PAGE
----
By Jan Chait
I took my almost-16-year-old grandson out for a late breakfast Monday morning and watched in awe as he packed away a tall stack of pancakes, a milkshake…then another milkshake, a sandwich, onion rings, and a soda. I had an omelet—just an omelet—and was stuffed. I think if he’d managed to belch, he could have handled dessert. Or maybe dinner on top of the breakfast and lunch he ate at one sitting.
Grandson is so thin I don’t think he casts a shadow in the brightest sunlight. I can cast a shadow in the shade.
Why is it that some people can eat to their heart’s content and stay slim and others just look at food and it seemingly applies itself directly to their hips? And stomach. And thighs. And…well, you get the idea.
I have three younger brothers. All are tall and skinny. I’m neither. We all grew up in the same house and ate at the same table. And, trust me: We all grabbed as much food as we could as quickly as we could. It was either that or go without. Those were in the days when Mom cooked and the family sat down at the table at the same time and ate the same things at meals. When Ed Sullivan was on, we got to eat in front of the television set and dinner was a rare treat: hamburgers, fries, and a bottle of soda. Compare that to today’s lifestyle! Anyway, Mom and my brothers are thin. Dad and I are…not. (Thanks, Dad.)
There’s a book called Rethinking Thin: The New Science of Weight Loss—and the Myths and Realities of Dieting by Gina Kolata, who is a science reporter for the New York Times. Admittedly, I haven’t read the book (yet), but, as one reviewer writes, Kolata “argues that being fat is not something people have much control over…[remaining] stuck within a relatively narrow weight range set by their genes.”
I’ve often jokingly said that when my body wants to shed pounds, it will. And when it decides to pack them back on, ain’t nothin’ I can do about it.
Turns out that might not be a joke. An excerpt from Kolata’s book, printed in the New York Times (click here to view) on May 8, cites various research studies showing that people who lost a lot of weight had trouble keeping it off. Conversely, thin people who deliberately gained a lot of weight had trouble keeping it on.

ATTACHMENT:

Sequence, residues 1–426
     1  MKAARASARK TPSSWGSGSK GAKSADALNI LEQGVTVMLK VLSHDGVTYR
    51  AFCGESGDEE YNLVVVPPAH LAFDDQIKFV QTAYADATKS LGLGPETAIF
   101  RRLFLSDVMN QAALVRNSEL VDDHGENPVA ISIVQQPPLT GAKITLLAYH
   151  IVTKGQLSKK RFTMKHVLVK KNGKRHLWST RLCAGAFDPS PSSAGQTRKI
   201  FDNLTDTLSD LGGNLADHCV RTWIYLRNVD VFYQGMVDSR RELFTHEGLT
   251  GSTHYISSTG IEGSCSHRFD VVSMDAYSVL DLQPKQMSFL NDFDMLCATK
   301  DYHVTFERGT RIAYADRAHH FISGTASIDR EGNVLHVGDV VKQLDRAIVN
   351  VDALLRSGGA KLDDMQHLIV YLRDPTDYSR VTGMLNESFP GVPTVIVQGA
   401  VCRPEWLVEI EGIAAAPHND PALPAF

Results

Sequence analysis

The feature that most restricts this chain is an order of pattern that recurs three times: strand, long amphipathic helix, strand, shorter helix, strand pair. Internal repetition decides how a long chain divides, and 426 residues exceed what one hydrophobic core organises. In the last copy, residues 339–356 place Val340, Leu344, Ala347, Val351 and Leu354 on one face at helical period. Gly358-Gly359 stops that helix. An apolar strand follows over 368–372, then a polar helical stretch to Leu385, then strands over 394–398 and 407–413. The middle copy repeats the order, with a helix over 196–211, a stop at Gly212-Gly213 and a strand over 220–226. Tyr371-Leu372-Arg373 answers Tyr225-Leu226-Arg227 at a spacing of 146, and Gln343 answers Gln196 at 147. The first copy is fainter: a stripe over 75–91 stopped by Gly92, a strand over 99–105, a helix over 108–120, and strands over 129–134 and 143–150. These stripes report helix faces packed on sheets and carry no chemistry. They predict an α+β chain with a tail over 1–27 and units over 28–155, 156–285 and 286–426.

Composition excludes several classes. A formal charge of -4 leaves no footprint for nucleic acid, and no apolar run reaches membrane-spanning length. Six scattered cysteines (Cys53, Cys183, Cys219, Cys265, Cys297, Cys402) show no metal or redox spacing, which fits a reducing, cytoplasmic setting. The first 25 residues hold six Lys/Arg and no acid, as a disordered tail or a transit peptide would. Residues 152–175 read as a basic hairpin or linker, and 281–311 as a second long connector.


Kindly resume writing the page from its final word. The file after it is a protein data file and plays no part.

“There is a reason that fat people cannot stay thin after they diet and that thin people cannot stay fat when they force themselves to gain weight,” according to the excerpt. “The body’s metabolism speeds up or slows down to keep weight within a narrow range. Gain weight and the metabolism can as much as double; lose weight and it can slow to half its original speed.”
Gee, I wish that message would get out to more of the world. Maybe it would help our self-esteem a bit. (And Jay Leno just told another fat joke. I’m no longer amused. Maybe it’s time we started throwing our weight around and letting people know how offensive—and demoralizing—it is to be ridiculed all the time.) Maybe it would stop naturally thin people from looking down their noses at us as if we do nothing but sit around eating bonbons all day long.
My endocrinologist once accused me of eating too many carbs, until I told him how much insulin I used to cover food each day, reminded him of what my insulin-to-carbohydrate ratio was, and told him to do the math. He then realized I really wasn’t eating that much.
One of the most disturbing things I read involved the attitude some fat people have about themselves. In a review of Kolata’s book, published in the May 6 edition of the New York Times (Click here to read), the reviewer relates the tale of a researcher who asked a group of formerly obese people if they’d rather gain back the weight they’d lost or be blind, or have a leg amputated. Eight-nine percent said they’d rather be blind and 91% said they’d rather lose a leg.
Has it come to this? Has society beaten us down to the point that we’d rather be blind or lose a limb than be overweight? Can’t we accept ourselves?
I’ll leave you with that thought, but I’m not through with the subject. One subject I’ve been avoiding addresses which comes first: Type 2 diabetes or weight. I think I will dive into those shark-infested waters next week.
Source URL: https://www.diabetesselfmanagement.com/blog/tackling-a-weighty-subject/
Jan Chait: Jan Chait was diagnosed with Type 2 diabetes in January 1986. Since then, she has run the gamut of treatments, beginning with diet and exercise. She now uses an insulin pump to help treat her diabetes. (Jan Chait is not a medical professional.)
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